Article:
Montenegro boosts action on disaster resilience

Source(s): United Nations Office for Disaster Risk Reduction - Regional Office for Europe & Central Asia

Podgorica, Montenegro, 15 April 2019 - Major efforts are underway in Montenegro to reduce the risks from disasters with the launch of a national disaster loss database to mark the 40th anniversary of a major earthquake.

On April 15 1979, at 07:19 in the morning, a devastating 7.0 magnitude earthquake struck Montenegro. The earthquake, which lasted 10 seconds, was concentrated on the coast of Montenegro and Albania, and severely damaged the old towns of Kotor, Budva, Herceg Novi, Bar and Ulcinj. It resulted in the tragic loss of life and injury. 101 people were killed, more than a thousand injured and around 80,000 people were left without their homes, with 27 300 housing units damaged. The economic damages at the time totaled approximately 10% GPD of what was then then the Federal Republic of Yugoslavia, representing around 4 billion euros in today’s values. The knock-on effects on transport, healthcare and schools was severe. The roads and railways were heavily hit, with almost 550 km of major and regional roads in the country requiring repair. The earthquake also had a major impact on social services, healthcare and schools. 240 school facilities were damaged and 53 health services were impacted.

40 years on, the lessons of this disaster are still at the forefront of minds as the government takes major action to increase its disaster resilience.

At a special event yesterday marking the 40th anniversary, the government of Montenegro launched an important development in systematically measuring and accounting for disaster losses to underpin risk reduction measures. Minister Nuhodzić, Minister of Internal Affairs of Montenegro announced, “In cooperation with the UN Office for Disaster Risk Reduction, a [new] database on damages from disasters, including earthquakes, has been established," The national disaster loss data collection system represents a significant step forward to underpinning the evidence base of DRR policies and measures. It unifies all historical data on disasters in the country to enable the full picture on disaster risk, including earthquakes and climate change related events. The data also feeds directly into the international reporting process to collect government data on progress to meet the Sendai Framework and Sustainable Development Goals.The project was also supported by the European Union’s IPA DRAM Project.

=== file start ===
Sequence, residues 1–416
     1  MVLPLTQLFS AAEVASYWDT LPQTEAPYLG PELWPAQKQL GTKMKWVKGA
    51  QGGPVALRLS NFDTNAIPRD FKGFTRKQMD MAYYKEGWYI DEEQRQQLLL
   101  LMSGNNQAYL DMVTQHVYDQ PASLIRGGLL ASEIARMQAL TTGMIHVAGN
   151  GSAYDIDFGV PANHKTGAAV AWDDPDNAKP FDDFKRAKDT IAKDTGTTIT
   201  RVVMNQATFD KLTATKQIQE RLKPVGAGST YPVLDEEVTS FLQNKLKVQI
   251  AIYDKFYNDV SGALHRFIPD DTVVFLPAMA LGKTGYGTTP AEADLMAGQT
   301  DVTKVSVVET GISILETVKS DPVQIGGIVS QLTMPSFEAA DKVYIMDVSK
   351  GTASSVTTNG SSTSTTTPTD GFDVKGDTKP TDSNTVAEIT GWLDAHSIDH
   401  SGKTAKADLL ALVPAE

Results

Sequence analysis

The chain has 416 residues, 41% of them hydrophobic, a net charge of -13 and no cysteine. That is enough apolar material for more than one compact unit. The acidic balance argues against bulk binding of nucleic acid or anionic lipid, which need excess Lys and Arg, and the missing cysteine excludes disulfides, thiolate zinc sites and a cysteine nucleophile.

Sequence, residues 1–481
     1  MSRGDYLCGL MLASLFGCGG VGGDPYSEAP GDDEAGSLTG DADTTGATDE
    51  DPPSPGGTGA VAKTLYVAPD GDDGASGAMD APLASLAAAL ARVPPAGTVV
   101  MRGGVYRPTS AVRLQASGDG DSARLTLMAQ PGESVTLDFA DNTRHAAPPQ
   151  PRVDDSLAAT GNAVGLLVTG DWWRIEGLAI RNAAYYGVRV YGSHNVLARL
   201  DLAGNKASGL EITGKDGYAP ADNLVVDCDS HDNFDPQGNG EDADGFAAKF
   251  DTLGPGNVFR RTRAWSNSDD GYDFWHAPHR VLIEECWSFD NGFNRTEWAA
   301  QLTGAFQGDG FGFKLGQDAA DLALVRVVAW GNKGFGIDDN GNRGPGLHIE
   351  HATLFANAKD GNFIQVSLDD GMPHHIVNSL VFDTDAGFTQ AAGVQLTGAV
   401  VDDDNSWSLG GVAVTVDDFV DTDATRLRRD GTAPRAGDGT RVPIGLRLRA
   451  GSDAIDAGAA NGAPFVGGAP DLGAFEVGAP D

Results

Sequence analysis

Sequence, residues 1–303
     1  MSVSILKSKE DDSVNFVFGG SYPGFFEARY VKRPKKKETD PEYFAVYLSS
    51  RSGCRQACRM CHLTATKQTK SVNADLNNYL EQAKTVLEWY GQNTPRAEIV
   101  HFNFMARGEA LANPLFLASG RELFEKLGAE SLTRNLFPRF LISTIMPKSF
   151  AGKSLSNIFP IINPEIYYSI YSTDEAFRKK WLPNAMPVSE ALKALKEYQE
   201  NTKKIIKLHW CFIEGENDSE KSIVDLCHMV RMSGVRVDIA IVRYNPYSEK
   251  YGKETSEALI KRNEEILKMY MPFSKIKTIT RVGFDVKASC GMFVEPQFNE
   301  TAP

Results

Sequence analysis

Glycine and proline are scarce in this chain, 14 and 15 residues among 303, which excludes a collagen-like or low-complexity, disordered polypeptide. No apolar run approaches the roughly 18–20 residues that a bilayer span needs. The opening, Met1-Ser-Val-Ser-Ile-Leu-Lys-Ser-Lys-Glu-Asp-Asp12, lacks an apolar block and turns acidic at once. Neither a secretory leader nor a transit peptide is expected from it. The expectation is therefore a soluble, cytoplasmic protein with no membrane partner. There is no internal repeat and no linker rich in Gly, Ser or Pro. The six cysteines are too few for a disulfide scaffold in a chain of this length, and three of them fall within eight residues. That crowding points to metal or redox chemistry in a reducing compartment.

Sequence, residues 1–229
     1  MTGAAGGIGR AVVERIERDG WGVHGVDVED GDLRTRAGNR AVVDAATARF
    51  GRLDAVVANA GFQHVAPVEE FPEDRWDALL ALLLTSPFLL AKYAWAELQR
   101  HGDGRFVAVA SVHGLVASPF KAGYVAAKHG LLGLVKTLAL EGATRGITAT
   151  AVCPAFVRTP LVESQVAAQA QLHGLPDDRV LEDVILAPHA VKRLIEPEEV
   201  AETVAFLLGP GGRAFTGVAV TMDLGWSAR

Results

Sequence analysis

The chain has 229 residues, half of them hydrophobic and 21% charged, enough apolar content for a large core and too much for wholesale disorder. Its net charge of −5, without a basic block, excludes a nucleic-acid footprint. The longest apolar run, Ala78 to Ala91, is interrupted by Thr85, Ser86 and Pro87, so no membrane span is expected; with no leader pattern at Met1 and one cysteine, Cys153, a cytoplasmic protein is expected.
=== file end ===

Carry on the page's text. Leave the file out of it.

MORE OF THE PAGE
The database builds on a series of investments in disaster resilience in Montenegro, including a National Strategy for Disaster Risk Reduction, adopted at the end of 2017, defining a clear path for further development and strategic solutions on disaster resilience. Looking ahead, the country is already planning the next steps, "Our next priority is to develop National Risk Assessment for Montenegro within a two-year period” said Mirsad Mulić, General Director of Directorate for Emergency Situations at the Ministry of Interior.

The anniversary event was attended by over 200 participants who also highlighted the importance of active engagement and organization of communities and citizens in reducing the risks of disasters.  Participants concluded that is a need to constantly improve knowledge in the field of ​​risk reduction and ensure the action at all levels is closely connected.

The Ministry of Sustainable Development and Tourism, organising the event, emphasized the importance of earthquake prevention in buildings and architectural practice.

"We have a beautiful country, but if we are not capable to understand all the characteristics of this beautiful piece of land, we will not manage to protect our people from disasters”, said Luka Mitrovic, Director of Institute for Hydrometeorology and Seismology of Montenegro.

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Hazards Earthquake
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